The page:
Analysis

NHS 111: help or hindrance for emergency care?

Nurses have admitted frustration at the rising number of people who are not seriously ill being directed to emergency departments by NHS 111.
111 phone line

Nurses have admitted frustration over the rising number of people who are not seriously ill being directed to emergency departments (EDs) by NHS 111.

More ambulances are being dispatched through the non-emergency 111 helpline than ever before and nurses on the front line have complained they often see patients with trivial problems and minor illnesses.

But NHS England says the phone line is keeping millions away from EDs and has diluted increased demand this winter.

1,169,296

triaged calls

Regional-based 111 call centres replaced the nationally organised, nurse-led NHS Direct in December 2013. The number of callers signposted to EDs or sent an ambulance has since increased by about 3%.

Nurses tell Emergency Nurse they are unhappy with the number of people with minor illnesses who have been told to access urgent care by 111 non-clinically trained call-handlers following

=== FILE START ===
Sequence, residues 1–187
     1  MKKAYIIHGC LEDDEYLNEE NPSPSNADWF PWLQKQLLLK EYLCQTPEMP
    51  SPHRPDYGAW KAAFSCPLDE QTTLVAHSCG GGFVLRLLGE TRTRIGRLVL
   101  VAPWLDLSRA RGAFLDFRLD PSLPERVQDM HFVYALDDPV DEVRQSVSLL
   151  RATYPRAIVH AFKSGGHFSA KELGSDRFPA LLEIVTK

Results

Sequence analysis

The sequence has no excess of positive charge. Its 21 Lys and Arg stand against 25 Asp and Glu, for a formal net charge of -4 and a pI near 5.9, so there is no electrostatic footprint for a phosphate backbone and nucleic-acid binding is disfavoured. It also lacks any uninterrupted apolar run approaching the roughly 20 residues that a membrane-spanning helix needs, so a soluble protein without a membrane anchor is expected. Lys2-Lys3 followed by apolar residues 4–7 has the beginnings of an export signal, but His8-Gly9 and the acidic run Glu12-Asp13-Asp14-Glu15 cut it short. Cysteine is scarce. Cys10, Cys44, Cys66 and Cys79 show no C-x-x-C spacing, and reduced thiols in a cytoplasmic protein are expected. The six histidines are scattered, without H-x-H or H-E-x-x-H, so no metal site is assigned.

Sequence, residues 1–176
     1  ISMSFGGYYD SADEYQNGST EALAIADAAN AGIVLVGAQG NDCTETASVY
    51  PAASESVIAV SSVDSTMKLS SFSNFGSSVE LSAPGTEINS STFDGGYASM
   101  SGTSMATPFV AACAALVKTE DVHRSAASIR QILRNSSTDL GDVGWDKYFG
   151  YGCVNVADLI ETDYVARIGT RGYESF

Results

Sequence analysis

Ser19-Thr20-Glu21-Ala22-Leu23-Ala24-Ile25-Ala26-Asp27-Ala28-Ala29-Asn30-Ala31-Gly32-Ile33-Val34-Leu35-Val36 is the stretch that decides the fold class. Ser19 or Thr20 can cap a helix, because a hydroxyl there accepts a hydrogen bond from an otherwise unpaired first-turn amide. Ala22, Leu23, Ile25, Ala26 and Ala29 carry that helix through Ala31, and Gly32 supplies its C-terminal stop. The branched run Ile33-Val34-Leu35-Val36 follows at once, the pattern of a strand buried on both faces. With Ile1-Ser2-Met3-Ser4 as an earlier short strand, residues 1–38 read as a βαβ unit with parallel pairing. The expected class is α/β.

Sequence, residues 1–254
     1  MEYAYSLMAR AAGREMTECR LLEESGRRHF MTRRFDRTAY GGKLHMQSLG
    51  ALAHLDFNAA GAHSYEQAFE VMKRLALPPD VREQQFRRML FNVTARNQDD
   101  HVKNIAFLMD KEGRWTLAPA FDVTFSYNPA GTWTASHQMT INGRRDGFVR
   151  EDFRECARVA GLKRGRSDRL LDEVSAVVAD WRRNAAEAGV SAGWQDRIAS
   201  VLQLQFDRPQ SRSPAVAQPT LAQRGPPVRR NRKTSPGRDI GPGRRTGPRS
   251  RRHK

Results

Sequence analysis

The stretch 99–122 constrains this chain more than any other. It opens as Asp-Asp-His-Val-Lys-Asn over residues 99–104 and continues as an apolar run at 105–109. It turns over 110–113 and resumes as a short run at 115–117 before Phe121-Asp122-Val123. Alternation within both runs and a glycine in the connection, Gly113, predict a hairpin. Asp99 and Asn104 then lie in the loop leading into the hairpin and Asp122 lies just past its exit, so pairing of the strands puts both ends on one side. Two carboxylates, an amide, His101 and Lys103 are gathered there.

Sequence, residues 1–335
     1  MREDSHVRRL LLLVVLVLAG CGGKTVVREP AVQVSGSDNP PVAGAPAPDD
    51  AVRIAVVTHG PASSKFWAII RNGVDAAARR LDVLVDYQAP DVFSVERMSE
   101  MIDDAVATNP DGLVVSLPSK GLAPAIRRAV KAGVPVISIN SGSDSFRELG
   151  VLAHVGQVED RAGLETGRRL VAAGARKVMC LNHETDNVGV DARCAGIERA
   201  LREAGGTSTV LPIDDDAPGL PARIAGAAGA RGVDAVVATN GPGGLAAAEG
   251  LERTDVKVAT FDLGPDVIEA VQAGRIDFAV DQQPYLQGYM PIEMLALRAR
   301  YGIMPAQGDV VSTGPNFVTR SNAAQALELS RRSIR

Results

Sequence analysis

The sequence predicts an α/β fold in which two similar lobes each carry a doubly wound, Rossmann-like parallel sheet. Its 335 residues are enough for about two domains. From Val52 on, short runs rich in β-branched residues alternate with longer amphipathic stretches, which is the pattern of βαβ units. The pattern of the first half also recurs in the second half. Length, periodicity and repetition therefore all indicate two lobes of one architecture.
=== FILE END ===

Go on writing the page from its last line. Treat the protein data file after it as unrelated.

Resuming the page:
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Nurses have admitted frustration over the rising number of people who are not seriously ill being directed to emergency departments (EDs) by NHS 111.

More ambulances are being dispatched through the non-emergency 111 helpline than ever before and nurses on the front line have complained they often see patients with trivial problems and minor illnesses.

But NHS England says the phone line is keeping millions away from EDs and has diluted increased demand this winter.

1,169,296

triaged calls

Regional-based 111 call centres replaced the nationally organised, nurse-led NHS Direct in December 2013. The number of callers signposted to EDs or sent an ambulance has since increased by about 3%.

Nurses tell Emergency Nurse they are unhappy with the number of people with minor illnesses who have been told to access urgent care by 111 non-clinically trained call-handlers following strict questionnaires.

One advanced nurse practitioner said: ‘I find that I spend a good part of my shifts telling people they are not ill.